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Filial Responsibility?!?!?!?

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  • Filial Responsibility?!?!?!?

    Until yesterday I was unaware of this legal issue but after I read it I can't believe that such laws even exist.

     

    For those who do not know, apparently there are 29 states that have a filial law in the books which states that if a parent is considered indigent and receiving long term care, the nursing home/facility can come after the adult children for what is owed.   This can work even if the child is in a state that is not part of the 29 filial states but the parent is in one.

    There was a legal case in Pennsylvania that the court found the adult child responsible for $93,000 when the mother did not pay her financial responsibilities.

     

    Definitely ridiculous that I would be on the hook for something because my mother didn't get her financial affairs in order and lived a high life while I saved.

     

    Curious on other people's thoughts on this.

  • #2
    that doesn't pass the whiff test to me. sounds like the kind of thing we'd hear about more often if true.

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    • #3
      I think it is on the books but rarely enforced.

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      • #4
        It's a real thing.

        It's just that usually medicaid is picking up this tab.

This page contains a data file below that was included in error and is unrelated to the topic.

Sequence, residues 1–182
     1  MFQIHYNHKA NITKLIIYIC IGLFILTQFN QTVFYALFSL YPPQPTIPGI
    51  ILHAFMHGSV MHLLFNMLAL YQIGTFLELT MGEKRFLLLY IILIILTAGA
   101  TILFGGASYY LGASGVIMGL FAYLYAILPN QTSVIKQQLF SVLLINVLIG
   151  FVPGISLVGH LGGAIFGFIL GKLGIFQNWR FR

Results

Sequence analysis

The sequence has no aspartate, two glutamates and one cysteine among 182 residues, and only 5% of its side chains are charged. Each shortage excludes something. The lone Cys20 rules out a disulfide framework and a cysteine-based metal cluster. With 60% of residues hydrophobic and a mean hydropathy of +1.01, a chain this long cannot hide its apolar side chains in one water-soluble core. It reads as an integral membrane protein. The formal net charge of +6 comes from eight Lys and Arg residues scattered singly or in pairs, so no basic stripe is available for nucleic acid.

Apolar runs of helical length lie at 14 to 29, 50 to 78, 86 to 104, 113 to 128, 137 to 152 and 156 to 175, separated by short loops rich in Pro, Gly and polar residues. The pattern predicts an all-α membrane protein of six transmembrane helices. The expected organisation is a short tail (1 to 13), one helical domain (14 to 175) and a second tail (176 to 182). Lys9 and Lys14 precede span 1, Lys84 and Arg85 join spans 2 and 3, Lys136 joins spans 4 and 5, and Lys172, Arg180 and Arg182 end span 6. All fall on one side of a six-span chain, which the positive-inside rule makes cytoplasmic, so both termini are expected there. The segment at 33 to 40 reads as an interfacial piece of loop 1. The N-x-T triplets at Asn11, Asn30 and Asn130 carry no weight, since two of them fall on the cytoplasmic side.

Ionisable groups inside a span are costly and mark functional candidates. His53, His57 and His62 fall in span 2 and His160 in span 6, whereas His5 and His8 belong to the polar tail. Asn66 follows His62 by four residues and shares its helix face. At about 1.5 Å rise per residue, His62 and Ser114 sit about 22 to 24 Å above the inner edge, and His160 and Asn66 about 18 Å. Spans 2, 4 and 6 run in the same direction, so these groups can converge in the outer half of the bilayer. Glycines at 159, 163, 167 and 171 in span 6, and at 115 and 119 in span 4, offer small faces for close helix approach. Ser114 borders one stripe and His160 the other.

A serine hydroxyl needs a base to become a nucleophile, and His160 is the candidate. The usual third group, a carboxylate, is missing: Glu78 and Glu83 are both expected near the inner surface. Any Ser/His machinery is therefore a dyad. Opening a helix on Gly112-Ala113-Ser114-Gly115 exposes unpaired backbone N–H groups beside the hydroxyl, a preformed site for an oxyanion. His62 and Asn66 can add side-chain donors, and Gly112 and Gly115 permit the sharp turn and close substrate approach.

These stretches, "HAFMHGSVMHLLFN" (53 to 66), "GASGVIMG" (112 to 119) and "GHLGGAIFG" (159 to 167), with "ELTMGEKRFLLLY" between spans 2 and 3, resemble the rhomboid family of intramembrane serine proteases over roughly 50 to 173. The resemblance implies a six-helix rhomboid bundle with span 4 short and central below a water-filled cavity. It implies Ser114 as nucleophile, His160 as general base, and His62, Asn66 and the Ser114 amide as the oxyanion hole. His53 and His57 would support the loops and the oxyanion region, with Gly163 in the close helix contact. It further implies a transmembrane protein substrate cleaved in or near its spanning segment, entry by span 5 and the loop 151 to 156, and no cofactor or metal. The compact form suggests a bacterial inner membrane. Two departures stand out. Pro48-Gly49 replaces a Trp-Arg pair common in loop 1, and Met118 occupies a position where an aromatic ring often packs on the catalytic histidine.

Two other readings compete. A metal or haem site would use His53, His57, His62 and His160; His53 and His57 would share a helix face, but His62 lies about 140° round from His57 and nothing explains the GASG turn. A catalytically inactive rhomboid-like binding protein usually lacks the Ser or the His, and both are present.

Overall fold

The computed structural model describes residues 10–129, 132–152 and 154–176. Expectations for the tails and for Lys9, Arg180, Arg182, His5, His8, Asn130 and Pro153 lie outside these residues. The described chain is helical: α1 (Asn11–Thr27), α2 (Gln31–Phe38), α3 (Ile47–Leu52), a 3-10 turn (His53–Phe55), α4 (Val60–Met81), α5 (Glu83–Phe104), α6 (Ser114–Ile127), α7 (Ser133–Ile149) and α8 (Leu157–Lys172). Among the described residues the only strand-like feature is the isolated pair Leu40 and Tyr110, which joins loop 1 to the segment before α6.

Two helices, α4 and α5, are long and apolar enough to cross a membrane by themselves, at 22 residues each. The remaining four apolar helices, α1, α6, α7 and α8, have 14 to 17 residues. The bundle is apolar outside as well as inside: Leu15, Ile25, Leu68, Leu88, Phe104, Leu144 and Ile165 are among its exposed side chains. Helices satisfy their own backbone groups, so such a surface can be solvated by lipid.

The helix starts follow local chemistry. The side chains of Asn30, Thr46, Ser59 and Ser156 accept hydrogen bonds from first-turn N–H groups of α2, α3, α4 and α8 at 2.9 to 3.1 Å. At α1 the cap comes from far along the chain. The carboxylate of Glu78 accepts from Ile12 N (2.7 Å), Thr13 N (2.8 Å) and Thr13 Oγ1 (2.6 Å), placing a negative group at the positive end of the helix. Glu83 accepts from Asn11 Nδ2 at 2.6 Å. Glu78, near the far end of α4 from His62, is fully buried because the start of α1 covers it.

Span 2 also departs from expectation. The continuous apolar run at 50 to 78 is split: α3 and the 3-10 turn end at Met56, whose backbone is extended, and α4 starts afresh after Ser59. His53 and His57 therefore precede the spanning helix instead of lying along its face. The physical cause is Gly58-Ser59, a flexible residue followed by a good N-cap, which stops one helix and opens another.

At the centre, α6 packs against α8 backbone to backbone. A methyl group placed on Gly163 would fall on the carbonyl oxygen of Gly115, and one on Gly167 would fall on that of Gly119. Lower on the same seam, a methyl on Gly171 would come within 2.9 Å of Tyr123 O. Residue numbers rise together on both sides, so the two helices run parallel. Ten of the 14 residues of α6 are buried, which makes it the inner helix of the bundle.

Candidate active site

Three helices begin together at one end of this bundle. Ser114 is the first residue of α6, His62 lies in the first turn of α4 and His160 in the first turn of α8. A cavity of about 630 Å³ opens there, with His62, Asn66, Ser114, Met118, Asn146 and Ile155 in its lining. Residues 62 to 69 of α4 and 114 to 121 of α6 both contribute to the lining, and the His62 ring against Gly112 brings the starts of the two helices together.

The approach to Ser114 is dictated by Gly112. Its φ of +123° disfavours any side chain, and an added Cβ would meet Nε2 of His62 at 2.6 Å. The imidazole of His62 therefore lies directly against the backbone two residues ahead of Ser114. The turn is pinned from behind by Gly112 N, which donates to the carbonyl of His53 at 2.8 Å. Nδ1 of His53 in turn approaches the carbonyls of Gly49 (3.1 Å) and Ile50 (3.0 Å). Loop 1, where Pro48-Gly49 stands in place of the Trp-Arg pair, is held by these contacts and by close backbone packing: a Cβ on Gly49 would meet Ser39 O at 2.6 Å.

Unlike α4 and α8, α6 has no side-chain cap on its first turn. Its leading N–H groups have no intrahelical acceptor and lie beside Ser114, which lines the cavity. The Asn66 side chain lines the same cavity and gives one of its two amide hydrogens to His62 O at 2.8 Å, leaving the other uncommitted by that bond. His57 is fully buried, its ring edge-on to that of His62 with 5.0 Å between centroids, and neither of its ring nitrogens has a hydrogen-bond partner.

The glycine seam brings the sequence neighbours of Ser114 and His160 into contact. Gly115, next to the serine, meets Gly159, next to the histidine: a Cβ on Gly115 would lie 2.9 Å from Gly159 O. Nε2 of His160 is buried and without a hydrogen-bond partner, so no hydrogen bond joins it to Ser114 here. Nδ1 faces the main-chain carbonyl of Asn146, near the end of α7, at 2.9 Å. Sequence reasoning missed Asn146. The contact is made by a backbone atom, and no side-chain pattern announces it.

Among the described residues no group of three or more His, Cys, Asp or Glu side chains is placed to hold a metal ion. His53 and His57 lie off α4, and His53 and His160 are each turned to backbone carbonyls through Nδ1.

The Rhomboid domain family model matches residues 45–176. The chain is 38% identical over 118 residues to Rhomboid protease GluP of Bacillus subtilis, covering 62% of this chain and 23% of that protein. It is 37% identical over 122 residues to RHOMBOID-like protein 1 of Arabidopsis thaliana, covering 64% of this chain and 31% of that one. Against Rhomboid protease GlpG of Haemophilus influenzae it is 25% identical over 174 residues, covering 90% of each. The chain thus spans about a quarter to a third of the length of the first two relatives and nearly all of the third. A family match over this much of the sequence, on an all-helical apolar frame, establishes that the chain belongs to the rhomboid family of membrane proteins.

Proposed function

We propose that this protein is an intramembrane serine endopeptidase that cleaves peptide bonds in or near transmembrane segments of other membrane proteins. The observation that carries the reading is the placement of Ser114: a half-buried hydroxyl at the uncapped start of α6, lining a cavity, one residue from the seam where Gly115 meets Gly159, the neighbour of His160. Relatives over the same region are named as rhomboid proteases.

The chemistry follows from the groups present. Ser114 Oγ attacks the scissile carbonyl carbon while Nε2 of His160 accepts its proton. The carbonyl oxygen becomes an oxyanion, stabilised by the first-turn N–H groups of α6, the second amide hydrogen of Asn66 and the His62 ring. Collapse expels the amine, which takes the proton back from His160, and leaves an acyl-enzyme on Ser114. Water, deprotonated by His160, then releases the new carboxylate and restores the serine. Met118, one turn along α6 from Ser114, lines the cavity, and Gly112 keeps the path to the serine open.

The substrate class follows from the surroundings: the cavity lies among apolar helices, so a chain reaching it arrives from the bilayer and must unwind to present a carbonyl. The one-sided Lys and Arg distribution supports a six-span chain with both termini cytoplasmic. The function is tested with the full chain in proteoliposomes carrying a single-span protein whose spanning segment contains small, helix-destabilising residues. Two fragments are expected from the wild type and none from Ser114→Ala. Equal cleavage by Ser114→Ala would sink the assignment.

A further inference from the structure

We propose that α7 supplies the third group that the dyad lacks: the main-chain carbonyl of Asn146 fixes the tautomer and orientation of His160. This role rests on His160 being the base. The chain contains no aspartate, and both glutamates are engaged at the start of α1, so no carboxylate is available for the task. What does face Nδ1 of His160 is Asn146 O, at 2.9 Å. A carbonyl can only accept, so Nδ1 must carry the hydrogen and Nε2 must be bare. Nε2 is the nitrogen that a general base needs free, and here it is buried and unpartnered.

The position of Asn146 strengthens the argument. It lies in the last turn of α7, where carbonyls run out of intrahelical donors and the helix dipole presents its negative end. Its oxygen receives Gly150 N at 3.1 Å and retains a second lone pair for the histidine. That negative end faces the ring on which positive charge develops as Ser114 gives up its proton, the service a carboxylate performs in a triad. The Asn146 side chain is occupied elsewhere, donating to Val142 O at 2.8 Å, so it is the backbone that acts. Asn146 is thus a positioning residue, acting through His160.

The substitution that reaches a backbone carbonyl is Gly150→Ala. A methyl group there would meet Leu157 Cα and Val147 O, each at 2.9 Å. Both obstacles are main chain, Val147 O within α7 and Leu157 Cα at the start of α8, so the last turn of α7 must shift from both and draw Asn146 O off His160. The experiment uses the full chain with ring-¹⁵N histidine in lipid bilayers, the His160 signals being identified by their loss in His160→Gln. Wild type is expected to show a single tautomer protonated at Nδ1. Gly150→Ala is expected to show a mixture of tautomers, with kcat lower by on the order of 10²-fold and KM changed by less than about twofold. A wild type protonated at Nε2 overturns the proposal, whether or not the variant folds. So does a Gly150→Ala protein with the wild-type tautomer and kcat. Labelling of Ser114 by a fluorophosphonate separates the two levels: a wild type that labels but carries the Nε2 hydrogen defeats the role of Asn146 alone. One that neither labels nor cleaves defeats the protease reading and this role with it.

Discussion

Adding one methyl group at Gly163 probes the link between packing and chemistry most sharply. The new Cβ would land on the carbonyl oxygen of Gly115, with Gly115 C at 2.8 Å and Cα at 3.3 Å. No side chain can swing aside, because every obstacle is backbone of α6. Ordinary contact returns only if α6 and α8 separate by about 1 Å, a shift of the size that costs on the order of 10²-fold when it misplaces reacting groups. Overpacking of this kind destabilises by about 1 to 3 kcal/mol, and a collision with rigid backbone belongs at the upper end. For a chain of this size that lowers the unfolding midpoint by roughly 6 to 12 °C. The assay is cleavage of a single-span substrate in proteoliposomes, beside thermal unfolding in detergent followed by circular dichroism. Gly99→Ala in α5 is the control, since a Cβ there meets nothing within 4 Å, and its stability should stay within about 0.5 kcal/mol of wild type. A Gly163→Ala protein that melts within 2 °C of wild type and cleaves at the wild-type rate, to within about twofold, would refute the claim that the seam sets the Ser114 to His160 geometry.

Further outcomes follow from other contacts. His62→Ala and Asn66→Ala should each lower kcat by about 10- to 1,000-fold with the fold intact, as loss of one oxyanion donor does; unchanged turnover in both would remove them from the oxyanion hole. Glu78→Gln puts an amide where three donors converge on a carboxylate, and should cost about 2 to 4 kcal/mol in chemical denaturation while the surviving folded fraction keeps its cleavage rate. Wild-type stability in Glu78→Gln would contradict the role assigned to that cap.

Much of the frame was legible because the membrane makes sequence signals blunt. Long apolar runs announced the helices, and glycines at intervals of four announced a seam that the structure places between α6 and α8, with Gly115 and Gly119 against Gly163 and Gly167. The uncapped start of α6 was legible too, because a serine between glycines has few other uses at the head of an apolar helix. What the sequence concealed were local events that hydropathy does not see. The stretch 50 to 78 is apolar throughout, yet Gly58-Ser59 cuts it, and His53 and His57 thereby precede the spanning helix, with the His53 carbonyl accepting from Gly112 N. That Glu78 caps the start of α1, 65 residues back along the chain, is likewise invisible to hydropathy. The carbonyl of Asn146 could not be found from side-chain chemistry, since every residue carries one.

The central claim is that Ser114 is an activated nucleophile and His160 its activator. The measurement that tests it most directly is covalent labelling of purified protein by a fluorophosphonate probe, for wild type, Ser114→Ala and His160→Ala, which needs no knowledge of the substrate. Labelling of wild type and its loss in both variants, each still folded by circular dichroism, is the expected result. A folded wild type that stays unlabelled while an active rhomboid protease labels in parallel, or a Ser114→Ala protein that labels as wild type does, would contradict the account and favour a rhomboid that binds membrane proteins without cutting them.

Pretty scary though... presumably if this picked up much steam, most states would rewrite their laws.

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        • #5
          Whiff test or not, this is 100% true, but as Kamban said, what is on the books and what is enforced are two separate things.

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          • #6




            It’s a real thing.

            It’s just that usually medicaid is picking up this tab.

            Pretty scary though… presumably if this picked up much steam, most states would rewrite their laws.
            Click to expand...


            Definitely scary.

            I think there is still possibility of being on the hook for a large sum even with Medicaid.  As far as I understand, Medicaid will pick up the tab for the first 100 days only.   Also if the facility charges more than it receives from Medicaid it can go after the child for the difference.

            The only way a child can get out of it under the letter of the law is if they could prove they were abandoned as a minor (forgot the definition but it was for a certain number of years) or they are financially unable to pay for the care (i.e their own assets or debt amount could not handle the bill).

            Just another way that society punishes high income earners/savers by enforcing us to be safety net for grown adults that have lived their life differently.

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            • #7